Yes. We really need to take a hard look at network transparent displays in the context of what we can really do today as well as the future.
When I did this, 10T networks were common, and just a little slow for something like CAD. 100T networks were growing in popularity, and then we sort of jumped to 1000T.
Also during that time, I started on dialup, moved to DSL, and then more came.
Know what? The fiber connection I have in my home is fast enough to run X with few worries today.
And it's going to improve more. My 4G cell phone can run X too. Amazing!
Honestly, I miss the vision our early innovators had. In a way, the field was more open and people could build without so many legacy ties. The need to incorporate those into the next step is holding people back. Legacy "screen scrapers" should get attention. They are useful, and they do have advantages for application developers.
Network transparent, multi-user, concurrent multi-processor, networked computing is the bar to cross, and if we don't maximize it, we risk losing out on a lot of the potental.
All I know, is I won arguments back then, and I did it on UNIX when the dominant move was to Windows and the PC, and all that distributed software bullshit we face today. Won solid. No fucking contest.
The difference was really understanding how things worked and applying that instead of following the cookie cutter stuff we see being done so often today.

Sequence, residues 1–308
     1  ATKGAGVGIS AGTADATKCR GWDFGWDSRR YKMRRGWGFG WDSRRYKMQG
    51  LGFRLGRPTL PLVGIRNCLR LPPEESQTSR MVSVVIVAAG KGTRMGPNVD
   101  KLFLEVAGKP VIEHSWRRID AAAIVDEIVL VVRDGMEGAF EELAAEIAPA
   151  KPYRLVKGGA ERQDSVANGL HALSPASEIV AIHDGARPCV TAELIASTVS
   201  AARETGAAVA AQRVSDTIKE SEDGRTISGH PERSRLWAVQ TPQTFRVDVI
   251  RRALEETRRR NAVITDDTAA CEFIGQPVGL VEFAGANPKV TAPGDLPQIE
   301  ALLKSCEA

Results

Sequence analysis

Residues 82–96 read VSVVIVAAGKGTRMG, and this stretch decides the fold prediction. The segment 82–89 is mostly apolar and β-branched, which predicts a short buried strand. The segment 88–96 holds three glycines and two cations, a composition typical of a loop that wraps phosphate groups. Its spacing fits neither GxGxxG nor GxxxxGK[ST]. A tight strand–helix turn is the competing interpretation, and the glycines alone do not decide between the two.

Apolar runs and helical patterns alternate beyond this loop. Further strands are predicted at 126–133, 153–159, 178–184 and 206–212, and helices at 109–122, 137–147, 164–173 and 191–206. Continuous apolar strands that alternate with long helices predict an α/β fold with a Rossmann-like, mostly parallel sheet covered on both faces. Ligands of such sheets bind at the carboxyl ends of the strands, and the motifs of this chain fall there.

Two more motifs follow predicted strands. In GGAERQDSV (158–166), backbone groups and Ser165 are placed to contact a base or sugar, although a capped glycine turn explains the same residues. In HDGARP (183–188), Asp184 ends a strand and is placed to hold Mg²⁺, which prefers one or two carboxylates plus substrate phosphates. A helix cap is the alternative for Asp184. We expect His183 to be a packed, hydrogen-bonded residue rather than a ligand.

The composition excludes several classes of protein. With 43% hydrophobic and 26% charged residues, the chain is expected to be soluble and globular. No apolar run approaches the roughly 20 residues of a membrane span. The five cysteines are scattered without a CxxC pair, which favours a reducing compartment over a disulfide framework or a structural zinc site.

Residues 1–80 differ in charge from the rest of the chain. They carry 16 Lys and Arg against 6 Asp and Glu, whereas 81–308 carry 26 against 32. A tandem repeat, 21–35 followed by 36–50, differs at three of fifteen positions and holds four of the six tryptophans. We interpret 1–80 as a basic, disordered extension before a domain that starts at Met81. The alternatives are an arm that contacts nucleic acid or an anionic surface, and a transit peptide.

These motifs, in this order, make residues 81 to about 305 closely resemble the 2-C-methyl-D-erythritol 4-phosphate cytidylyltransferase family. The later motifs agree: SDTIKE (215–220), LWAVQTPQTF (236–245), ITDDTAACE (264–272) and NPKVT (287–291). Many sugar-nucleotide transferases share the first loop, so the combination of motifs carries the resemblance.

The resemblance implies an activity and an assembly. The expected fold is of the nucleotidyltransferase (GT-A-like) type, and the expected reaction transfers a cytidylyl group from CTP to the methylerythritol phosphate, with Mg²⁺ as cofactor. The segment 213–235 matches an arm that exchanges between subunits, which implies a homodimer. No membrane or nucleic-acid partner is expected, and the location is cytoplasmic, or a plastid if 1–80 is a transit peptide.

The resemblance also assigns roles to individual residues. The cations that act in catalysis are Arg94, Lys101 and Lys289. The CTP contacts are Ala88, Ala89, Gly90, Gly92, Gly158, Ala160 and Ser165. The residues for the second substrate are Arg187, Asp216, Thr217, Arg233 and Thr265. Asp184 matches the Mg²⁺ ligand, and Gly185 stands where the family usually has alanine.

With X, one can distribute or centralize as needed!
Fonts on one machine, window manager on another, application on another, storage on yet another, graphics server on yet another, or even better, how about a few displays, each capable of serving a user?
Or, pile it all on one box somebody can carry with them!
Doesn't matter with X. It's all trade-offs, and this leaves people to structure things how it makes best sense to them. For some, having very strong local compute / storage / graphics / I/O is best. For others, centralizing that pays off the best.
Only X does this. Nothing else does, or has.
The screen scrapers are impressive, but they really aren't multi-user in the sense that X is, and that requires a lot of kludges, system resources, etc... to manage things.
I remember the day I read about X in BYTE. It changed how I viewed computing, and when I got my chance, I went for it whole hog and it paid off very well.
Also IMHO, part of this vision really should be to provide developers with dead simple tools to get things done. It is true that building an efficient network aware application takes some work. SGI, BTW, did educate people. If you developed on IRIX, you got the tools to make it all happen, and you get the education and consulting of a vendor who knew their shit cold.
Today, we don't have that surrounding X, and it's hurting development pretty big.
Back in the 90's, I was doing video conferencing, running things all over the place on lots of machines, melding Linux, IRIX, Windows, etc... together in powerful ways, often using machines secured from a dumpster. No joke.
We've managed to cobble that together again, but it's a far cry from what could have been, and could still be with people thinking this stuff through like it was the first time.
IMHO, the other real problem is as I've stated. We have a whole generation of people doing this stuff now who basically have no clue! They were never introduced to multi-user computing properly, never got to experience X as intended, etc...
When I explain some of this to people, they make comments like, "sounds like Star Trek" and "amazing", "wish I were there..."
Yeah. I was. Many of us here were.